Originally posted on WHO Africa on September 25, 2019
Kampala, 25 September 2019: It is a public health fact that routine data from health facilities expedites patient management, service utilization and treatment coverage. Data also facilitates planning and management of health services, monitoring performance on primary health care as well as health systems strengthening for Universal Health Coverage.
Yet despite this widely acknowledged contribution, many countries face challenges in health facility data systems such as poor data quality, siloed data systems, reporting burden on frontline workers, limited capacity for analysis and use at national and sub-national levels. These challenges are, despite the heavy investments made by countries, still faced in facility data systems.
“Fragmented data management systems used by disease programmes such as HIV, tuberculosis, immunization and epidemic disease surveillance are often disconnected from a comprehensive national facility data system and may operate in isolation,” said Dr Yonas Tegegn Woldermariam in a speech read for him at the on-going three-day workshop on data, in Kampala.
“Luckily, the World Health Organization (WHO) in partnership with other organizations has attempted to address these challenges through the development of integrated, innovative approaches to strengthen health facility data quality, analysis, use and access,” he added.
These approaches include common data standards, cloud-based digital platform and visual analytics, real-time data access and an integrated approach involving multiple partners.
The Kampala meeting takes place at a time when WHO member-states of the African region are implementing the WHO Thirteenth General Program of Work which aims to reach Triple billion people with public health services.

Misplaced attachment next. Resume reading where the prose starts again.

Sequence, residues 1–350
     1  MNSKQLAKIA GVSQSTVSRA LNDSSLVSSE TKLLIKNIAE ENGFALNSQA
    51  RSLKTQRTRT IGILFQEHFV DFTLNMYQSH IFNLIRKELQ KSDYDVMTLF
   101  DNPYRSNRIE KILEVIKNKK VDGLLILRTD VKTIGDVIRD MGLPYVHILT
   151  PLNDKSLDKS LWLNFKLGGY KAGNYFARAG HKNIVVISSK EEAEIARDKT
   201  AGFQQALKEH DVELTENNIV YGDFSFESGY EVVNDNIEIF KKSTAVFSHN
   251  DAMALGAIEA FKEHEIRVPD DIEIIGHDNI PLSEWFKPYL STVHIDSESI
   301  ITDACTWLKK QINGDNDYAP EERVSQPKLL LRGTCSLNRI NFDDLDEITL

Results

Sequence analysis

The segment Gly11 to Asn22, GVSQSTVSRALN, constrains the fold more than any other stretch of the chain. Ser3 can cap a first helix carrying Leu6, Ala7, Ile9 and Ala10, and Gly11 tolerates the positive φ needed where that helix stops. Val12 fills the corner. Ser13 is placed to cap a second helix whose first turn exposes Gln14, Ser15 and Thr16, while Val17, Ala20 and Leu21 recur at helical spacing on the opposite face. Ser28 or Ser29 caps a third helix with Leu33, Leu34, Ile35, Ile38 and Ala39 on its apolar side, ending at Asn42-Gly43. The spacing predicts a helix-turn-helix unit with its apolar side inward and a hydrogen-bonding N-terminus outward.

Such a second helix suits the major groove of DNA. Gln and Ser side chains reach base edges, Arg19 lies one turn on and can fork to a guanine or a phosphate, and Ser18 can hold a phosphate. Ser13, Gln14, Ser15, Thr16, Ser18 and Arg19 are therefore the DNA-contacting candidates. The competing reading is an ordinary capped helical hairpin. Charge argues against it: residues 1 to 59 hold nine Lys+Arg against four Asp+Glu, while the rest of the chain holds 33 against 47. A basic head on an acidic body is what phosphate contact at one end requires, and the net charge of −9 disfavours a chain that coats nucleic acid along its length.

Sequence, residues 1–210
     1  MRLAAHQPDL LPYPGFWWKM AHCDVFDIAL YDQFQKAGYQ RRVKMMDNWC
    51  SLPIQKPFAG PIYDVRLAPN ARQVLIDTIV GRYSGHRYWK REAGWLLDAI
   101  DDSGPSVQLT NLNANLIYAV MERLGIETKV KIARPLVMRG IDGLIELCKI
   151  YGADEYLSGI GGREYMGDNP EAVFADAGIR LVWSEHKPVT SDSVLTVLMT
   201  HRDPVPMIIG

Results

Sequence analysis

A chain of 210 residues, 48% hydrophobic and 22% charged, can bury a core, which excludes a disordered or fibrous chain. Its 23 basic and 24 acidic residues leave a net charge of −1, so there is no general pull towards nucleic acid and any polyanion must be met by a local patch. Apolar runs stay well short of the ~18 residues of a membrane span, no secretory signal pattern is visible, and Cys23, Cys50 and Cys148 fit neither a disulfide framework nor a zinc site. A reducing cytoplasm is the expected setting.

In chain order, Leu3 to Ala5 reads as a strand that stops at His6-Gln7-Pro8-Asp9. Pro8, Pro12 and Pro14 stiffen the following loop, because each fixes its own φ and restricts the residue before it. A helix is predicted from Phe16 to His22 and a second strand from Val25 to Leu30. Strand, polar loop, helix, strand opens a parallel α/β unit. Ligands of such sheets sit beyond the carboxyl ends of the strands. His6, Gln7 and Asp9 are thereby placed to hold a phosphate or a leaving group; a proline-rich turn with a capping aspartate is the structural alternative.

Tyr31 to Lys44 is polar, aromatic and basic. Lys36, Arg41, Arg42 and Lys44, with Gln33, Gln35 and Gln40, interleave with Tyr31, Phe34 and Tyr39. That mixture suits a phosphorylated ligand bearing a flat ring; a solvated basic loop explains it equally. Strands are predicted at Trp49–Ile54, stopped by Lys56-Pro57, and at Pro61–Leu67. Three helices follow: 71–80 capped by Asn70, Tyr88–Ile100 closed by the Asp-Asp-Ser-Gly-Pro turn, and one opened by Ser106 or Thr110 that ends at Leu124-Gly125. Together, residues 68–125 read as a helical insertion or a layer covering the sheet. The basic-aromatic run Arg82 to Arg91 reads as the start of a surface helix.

“This requires member-states to restructure their health systems so that they are more resilient and better prepared to address current health challenges and gain from improving the health of their populations,” said Dr Tegegn. “One of the important elements for the success of these aspirations is the collection, analysis, management and use of routine health facility data, in order to better facilitate decision-making and action on health issues,” he noted.
But for this to happen it is essential to have an integrated approach involving key health partners aligning their financial and technical resources in support of the Ministry of Health strategy. As Dr Tegegn pointed out, “implementation of this approach will contribute to making health systems more robust in countries”.
The Director-General of Health Services at the Ministry of Health Uganda, represented by the Acting Assistant Commissioner- Division of Health Information at the Ministry of Health, Mr Paul Mbaka, highlighted the need to use data to optimize the deployment of interventions in the health sector.
“With the prevailing challenges, it is important to use data because it is instrumental in highlighting patterns and trends,” he said.
Already, a number of countries in the African Region that have adopted this approach and have reaped good results. Indeed this success is the basis of the on-going WHO supported workshop aimed at building the capacity of participants in an integrated approach to strengthening health facility data.
At the end of the workshop, it is hoped that the participants from Botswana, Eritrea, Eswatini, Namibia, Nigeria and Uganda will have acquired knowledge and skills on harmonized approaches, standards and tools for strengthening the analysis and use of routine facility-based data.
They will also prioritize key actions required to strengthen the management of HIV, TB, Malaria, Immunization and Reproductive Health data through harmonized nationally-owned facility-based information systems.